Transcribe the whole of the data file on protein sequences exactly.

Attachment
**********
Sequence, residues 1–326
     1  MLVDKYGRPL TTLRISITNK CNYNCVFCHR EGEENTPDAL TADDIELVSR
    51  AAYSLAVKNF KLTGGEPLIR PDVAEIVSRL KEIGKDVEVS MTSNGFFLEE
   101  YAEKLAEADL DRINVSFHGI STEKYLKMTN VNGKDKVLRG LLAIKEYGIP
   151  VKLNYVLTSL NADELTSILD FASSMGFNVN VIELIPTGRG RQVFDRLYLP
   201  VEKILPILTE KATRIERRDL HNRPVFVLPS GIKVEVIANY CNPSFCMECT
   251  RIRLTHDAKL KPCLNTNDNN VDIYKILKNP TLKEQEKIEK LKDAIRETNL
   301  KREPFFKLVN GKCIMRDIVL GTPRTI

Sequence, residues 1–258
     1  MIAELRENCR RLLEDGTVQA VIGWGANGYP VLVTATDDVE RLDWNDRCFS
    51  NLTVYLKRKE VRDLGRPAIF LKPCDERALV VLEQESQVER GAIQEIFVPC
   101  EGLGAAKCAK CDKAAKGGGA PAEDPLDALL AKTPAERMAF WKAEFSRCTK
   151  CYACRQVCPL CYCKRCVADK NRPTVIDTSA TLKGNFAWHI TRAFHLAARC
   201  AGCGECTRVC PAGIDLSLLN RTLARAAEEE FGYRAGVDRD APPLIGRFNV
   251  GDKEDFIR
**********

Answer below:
Sequence, residues 1–326
     1  MLVDKYGRPL TTLRISITNK CNYNCVFCHR EGEENTPDAL TADDIELVSR
    51  AAYSLAVKNF KLTGGEPLIR PDVAEIVSRL KEIGKDVEVS MTSNGFFLEE
   101  YAEKLAEADL DRINVSFHGI STEKYLKMTN VNGKDKVLRG LLAIKEYGIP
   151  VKLNYVLTSL NADELTSILD FASSMGFNVN VIELIPTGRG RQVFDRLYLP
   201  VEKILPILTE KATRIERRDL HNRPVFVLPS GIKVEVIANY CNPSFCMECT
   251  RIRLTHDAKL KPCLNTNDNN VDIYKILKNP TLKEQEKIEK LKDAIRETNL
   301  KREPFFKLVN GKCIMRDIVL GTPRTI

Sequence, residues 1–258
     1  MIAELRENCR RLLEDGTVQA VIGWGANGYP VLVTATDDVE RLDWNDRCFS
    51  NLTVYLKRKE VRDLGRPAIF LKPCDERALV VLEQESQVER GAIQEIFVPC
   101  EGLGAAKCAK CDKAAKGGGA PAEDPLDALL AKTPAERMAF WKAEFSRCTK
   151  CYACRQVCPL CYCKRCVADK NRPTVIDTSA TLKGNFAWHI TRAFHLAARC
   201  AGCGECTRVC PAGIDLSLLN RTLARAAEEE FGYRAGVDRD APPLIGRFNV
   251  GDKEDFIR